Ice accumulation is a serious safety hazard for aircraft. The presence of ice on airplane surfaces prevents the even flow of air, which increases drag and reduces lift. Ice on wings is especially dangerous during takeoff, when a sheet of ice the thickness of a compact disc can reduce lift by 25 percent or more. Ice accumulated on the tail of an aircraft (a spot often out of the pilot’s sight) can throw off a plane’s balance and force the craft to pitch downward, a phenomenon known as a tail stall.
The Icing Branch at NASA’s Glenn Research Center uses the Center’s Icing Research Tunnel (IRT) and Icing Research Aircraft, a DeHavilland Twin Otter twin-engine turboprop aircraft, to research methods for evaluating and simulating the growth of ice on aircraft, the effects that ice may have on aircraft in flight, and the development and effectiveness of various ice protection and detection systems.
EGC Enterprises Inc. (EGC), of Chardon, Ohio, used the IRT to develop thermoelectric thin-film heater technology to address in-flight icing on aircraft wings. Working with researchers at Glenn and the original equipment manufacturers of aircraft parts, the company tested various thin, flexible, durable, lightweight, and efficient heaters and developed a thin-film heater technology that they discovered can be used in many applications, in addition to being an effective deicer for aircraft.
The result of this research was the development of a new thermoelectric heater the company has dubbed the Q•Foil Rapid Response Thin-Film Heater, or Q•Foil, for short. The product meets all criteria for in-flight use and promises great advances in thin-film, rapid response heater technology for a broad range of industrial applications. Primary advantages include time savings, increased efficiency, and improved temperature uniformity.
EGC makes the heaters out of thin layers of varying materials that are bonded to form heater laminates. The inner layer, made of a flexible graphite foil (marketed separately by EGC as ThermaFoil), is electro-thermally conductive and typically laminated between a heat-conducting outer layer, and a protective insulating layer. The inner layer provides full electrical conductivity, eliminating the need for wire elements, metal etchings or heat-conductive fibers. In addition to being readily available and relatively inexpensive, the graphite foil is energy efficient.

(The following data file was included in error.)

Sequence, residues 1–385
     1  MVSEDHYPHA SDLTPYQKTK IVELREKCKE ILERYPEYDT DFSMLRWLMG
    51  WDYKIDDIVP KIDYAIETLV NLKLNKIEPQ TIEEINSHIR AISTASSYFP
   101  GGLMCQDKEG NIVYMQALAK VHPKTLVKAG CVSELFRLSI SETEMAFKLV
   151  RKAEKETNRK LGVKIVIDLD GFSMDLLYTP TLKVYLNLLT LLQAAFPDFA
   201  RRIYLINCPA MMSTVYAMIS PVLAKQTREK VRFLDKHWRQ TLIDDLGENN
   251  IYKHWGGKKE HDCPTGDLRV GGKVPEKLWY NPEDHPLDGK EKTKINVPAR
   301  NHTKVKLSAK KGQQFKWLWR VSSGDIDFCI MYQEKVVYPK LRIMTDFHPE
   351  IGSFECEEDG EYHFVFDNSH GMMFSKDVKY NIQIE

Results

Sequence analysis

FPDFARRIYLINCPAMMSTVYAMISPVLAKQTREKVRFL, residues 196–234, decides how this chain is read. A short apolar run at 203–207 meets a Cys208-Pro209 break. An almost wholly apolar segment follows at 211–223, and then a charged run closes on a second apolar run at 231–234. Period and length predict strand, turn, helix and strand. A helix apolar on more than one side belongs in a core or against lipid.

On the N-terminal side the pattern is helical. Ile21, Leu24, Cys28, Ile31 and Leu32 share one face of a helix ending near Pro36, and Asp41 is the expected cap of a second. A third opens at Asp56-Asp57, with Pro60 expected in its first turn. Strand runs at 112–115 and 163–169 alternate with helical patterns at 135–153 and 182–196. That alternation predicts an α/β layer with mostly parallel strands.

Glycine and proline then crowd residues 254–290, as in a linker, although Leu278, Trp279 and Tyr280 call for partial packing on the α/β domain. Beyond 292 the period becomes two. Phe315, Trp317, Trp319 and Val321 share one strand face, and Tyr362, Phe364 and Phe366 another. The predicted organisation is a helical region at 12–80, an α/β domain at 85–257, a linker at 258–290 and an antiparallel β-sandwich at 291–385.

Because Q•Foil conducts heat well and can cover a large area, little energy is needed for it to raise the surface temperature to the necessary degree, and it is capable of heat increases as rapid as 100 °F per second if needed, which can translate into savings in time or energy. Designers can configure it to heat an item more quickly or to heat an item to the same temperature as other heaters would, while expending less energy.
Not only does Q•Foil work quickly and efficiently, it is also precise, controllable to within 3 °F. If it is being used for an application that requires different temperature zones, Q•Foil can also be configured to accommodate this within the same heating coil.
While the product is available in a variety of sizes, ranging from 1 square inch to 100-foot lengths, the company notes that it is most efficient over large spaces, as this allows the user to get the most advantage of its unique cost- and energy-saving properties. Thin-film flexibility allows it to be mounted to a variety of objects, and it maintains flexibility through a full range of temperatures. The company has services to assist customers with determining the right dimensions and designs they will require for a specific job.
In addition to wing deicing, EGC has begun looking at the material’s usefulness for applications including cooking griddles, small cabinet heaters, and several laboratory uses.